Robert Sanders rolls open the huge doors of a World War II-era hanger. He walks onto a floor of Learjets and other turbo prop business and civilian jets.
It’s TIA Aeronautics at the Valley International Airport in Harlingen. Sanders, the business owner, and Orlando Cano, the company’s general manager, begin to point out the various state of repairs on the planes. Sanders was born in Germany as the son of a U.S. serviceman and would himself serve in the Marines. Cano is a Harlingen native, a former Texas State Technical College instructor with years of experience in the aviation business.
The two men operate one of only a handful of FAA-certified repair stations in the United States that are approved to do both aircraft frame and power plant (engine) repair on turbo prop jets. Their clients include an array of airlines that do work for the U.S. and Mexican governments. They also include those that transport cargo for DHL, UPS and Amazon.
It is, as Cano puts it, “an unforgiving business,” where every bolt, screw, and part of a jet’s frame and engine has to undergo inspection with great precision. They are looking for any defects or cracks, and then they repair them with measurements that go into the tens of hundreds of inches.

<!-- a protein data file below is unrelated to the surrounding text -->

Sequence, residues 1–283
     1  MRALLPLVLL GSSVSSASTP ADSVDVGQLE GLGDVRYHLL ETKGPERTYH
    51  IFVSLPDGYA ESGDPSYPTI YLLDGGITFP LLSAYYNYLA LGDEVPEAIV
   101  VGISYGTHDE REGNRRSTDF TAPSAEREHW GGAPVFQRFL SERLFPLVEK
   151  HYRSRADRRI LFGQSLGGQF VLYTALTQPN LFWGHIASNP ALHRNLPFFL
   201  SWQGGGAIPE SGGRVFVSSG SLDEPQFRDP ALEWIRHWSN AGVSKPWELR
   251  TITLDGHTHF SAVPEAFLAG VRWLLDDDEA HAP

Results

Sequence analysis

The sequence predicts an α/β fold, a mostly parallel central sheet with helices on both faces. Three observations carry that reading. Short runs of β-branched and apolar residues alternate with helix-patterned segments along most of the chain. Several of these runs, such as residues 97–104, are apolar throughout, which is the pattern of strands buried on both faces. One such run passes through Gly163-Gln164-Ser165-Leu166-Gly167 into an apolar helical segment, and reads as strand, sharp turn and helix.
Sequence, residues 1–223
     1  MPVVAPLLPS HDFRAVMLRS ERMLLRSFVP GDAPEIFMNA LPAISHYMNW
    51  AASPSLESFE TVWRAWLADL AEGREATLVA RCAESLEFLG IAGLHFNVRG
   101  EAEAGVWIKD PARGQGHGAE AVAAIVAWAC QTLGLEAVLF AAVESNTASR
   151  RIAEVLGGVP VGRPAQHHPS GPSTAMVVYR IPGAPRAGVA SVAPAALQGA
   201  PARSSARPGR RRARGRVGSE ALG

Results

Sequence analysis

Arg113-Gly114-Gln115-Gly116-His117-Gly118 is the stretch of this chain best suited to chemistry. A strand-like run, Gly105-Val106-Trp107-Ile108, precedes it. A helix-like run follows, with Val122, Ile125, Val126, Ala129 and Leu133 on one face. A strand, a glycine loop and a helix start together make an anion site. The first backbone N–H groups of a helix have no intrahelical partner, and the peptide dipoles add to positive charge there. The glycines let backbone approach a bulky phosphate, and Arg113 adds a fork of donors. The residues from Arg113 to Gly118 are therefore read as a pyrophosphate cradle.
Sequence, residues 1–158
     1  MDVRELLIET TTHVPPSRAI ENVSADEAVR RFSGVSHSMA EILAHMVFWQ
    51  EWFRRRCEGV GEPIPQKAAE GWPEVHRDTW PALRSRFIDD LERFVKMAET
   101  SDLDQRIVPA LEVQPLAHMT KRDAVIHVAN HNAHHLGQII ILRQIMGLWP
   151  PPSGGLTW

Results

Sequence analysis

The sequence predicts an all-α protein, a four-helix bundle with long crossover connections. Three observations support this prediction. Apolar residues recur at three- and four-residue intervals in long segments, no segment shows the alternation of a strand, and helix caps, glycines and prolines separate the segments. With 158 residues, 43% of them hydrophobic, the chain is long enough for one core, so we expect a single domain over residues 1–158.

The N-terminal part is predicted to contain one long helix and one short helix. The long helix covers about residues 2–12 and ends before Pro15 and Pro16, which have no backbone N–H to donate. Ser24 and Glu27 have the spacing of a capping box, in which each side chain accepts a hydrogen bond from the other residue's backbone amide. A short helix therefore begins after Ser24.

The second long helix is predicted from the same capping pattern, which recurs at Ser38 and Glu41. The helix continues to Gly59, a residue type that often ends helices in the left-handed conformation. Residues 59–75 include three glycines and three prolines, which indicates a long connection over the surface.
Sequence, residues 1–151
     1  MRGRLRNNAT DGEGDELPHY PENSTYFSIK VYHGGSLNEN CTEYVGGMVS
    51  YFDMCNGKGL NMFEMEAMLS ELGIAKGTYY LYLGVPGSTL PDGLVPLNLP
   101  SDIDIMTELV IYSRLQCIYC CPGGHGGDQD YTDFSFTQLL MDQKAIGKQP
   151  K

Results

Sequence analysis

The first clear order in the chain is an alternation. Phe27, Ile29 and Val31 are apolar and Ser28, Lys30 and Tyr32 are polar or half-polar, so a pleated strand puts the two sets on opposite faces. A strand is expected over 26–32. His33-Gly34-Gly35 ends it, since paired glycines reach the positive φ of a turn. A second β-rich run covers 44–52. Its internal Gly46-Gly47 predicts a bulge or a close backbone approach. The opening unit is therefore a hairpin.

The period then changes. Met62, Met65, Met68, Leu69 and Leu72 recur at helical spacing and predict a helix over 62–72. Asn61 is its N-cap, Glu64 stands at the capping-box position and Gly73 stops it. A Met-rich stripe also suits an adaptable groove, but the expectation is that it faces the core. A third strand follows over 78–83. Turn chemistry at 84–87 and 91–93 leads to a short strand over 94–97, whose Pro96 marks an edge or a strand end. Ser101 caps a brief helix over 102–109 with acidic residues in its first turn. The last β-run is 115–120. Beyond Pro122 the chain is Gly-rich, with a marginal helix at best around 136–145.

“One piece falls out, one crack, and it takes out the whole engine,” Cano said.
Sanders, looking out over a hanger floor full of jets, agreed, saying, “We have to be right.”
The aeronautic repair business opened in 2015 after finding a South Texas airport that would work with TIA. They needed a facility that was a positive and supportive host as TIA began ramping up seeking FAA approval. The work by TIA has brought the 1940s-era hangar back to life. The business breaks up into several compartments that inspect, clean, assembly and test engines that have gone through repairs and overhauls.
“They’re very durable but at the same time fragile,” Sanders said of the parts that make up a jet engine.
Fluorescent liquid bathes individual parts to check for both cracks and obstructions. Inspections take place multiple times during a six- to 10-week process of receiving an engine. They encompass taking engines apart and then putting them back together again.
“It’s a specialized environment,” Sanders said. “It takes an extreme attention to detail and a patience level that keeps you completely focused on every step.”
Seven mechanics currently work at TIA and the company hopes to double that number in the next year as its business grows. Finding mechanics with the needed skills and technical levels is challenging. Both apprenticeships and years of study are requirements. Growth is desired but it must be measured as to what TIA can handle.
The historic Harlingen airport hangar bustles with business seven days a week, with cargo jets coming in and out for ground support maintenance to go with the daily nuts-and-bolts repair work.
“We’re refining our processes,” Cano said, “and gearing up to produce more engines.”